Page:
Don't expect the landlord to repair damage that you have done yourself. If the toilet won't flush, 99% of the time it is because of something the tenant has put down the toilet. That's not the landlord's responsibility to fix. If the window blind is broken, then the tenant broke it and it is not the landlord's responsibility to fix it.

If it is a very small repair and the landlord won't fix it, see if you can fix it yourself. Something like a running toilet might take 3 seconds to fix and cost nothing. Tenants should be capable of tightening screws and flipping breakers by themselves.

Any time a tenant rents a place with very low rent, they are going to get low cost service and should not expect to get anything more than that.
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Old 03-08-2013, 10:57 PM
 
28,115 posts, read 63,666,290 times
Reputation: 23268
Your rental agreement plus applicable law outlines the responsibilities of each party.

Habitability as defined by code in my State must be addressed promptly.

Services and amenities specified in the lease are binding and if not provided may constitute a breach.

Other items are often left to discretion...

"Things not working" covers a lot of territory...

I still remember getting calls from a tenant years ago saying the home had faulty electric because she was always replacing light bulbs... she was buying 8 pack bulbs at the 99 cent store...

Others have called with drain problems and almost 100% of the time the problem was caused by the resident or resident's guest...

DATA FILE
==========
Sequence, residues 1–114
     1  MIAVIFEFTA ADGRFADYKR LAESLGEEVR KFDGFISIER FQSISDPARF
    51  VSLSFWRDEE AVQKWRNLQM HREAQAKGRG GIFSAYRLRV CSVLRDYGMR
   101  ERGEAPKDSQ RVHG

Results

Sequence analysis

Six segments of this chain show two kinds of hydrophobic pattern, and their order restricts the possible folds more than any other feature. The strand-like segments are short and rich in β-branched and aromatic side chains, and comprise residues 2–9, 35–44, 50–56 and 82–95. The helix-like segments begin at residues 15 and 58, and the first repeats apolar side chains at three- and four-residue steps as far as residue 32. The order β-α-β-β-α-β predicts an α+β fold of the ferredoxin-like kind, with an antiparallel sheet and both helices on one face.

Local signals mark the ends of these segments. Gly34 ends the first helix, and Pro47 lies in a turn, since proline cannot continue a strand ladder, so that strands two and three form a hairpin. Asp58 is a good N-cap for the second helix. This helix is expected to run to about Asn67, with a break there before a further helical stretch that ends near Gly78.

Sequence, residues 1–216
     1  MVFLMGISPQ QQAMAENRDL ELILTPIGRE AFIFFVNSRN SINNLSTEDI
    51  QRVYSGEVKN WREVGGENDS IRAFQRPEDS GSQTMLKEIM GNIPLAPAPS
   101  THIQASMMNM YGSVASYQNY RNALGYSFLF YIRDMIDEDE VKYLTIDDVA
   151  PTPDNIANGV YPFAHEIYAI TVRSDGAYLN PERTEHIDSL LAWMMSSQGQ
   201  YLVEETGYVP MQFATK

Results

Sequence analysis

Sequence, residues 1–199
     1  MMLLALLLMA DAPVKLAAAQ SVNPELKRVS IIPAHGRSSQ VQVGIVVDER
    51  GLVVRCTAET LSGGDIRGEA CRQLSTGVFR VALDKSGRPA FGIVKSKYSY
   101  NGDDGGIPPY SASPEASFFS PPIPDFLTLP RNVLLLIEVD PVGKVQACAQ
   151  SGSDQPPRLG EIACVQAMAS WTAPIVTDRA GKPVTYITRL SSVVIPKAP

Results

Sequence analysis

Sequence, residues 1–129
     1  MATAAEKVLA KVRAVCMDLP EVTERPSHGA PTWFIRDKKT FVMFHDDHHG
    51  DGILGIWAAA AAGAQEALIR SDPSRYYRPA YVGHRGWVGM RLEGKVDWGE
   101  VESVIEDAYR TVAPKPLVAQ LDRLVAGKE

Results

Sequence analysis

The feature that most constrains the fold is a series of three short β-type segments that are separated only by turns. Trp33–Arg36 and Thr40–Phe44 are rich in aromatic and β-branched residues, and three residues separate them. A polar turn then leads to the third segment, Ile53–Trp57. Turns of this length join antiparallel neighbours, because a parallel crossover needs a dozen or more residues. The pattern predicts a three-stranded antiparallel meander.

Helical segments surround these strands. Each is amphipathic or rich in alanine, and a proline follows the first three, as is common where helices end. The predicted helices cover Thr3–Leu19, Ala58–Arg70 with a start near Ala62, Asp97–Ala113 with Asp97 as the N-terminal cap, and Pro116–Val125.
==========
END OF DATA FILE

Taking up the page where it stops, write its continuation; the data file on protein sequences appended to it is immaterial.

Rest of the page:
I no longer have any applicance issues because I no longer supply appliances and this one decision eliminated 50% of my service calls...
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Old 03-09-2013, 12:37 AM
 
2 posts, read 21,489 times
Reputation: 10
Quote:
Originally Posted by MrRational View Post
What does "contacted" mean?

Is that in writing?
Mailed to the legal address described in the lease?
Do they ask for specific remedies?
Do they describe time frames for those remedies to be effected?
Contact through text/e-mail.

And switching to certified mail will prolong repairs won't it? Is e-mail not sufficient enough for records? I have saved all text conversations just incase though if it means anything.

And if I do decide to write a letter (which I probably will if I move out) it will be through certified mail and typed up and professional looking correct?

Quote:
Originally Posted by CarlitosBala View Post



Absolutely, 100% they are within their right to do so, so long as the they state the facts truthfully.
Ok, but this can't damage my credit score correct?
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Old 03-09-2013, 11:07 AM
 
Location: North Idaho
32,643 posts, read 48,028,221 times
Reputation: 78411
Emails are not going to do it for you. Emails don't always get delived by the system, so you have no proof that the landlord was notified. Many people do not text, so sending a text does not guarantee that your request for repairs was ever received.

Sit down and put words on paper and put it in an envelope and place a stamp on it and send it to the landlord through the mail. I would not pay for cetified mail unless a couple of written requests were ignored.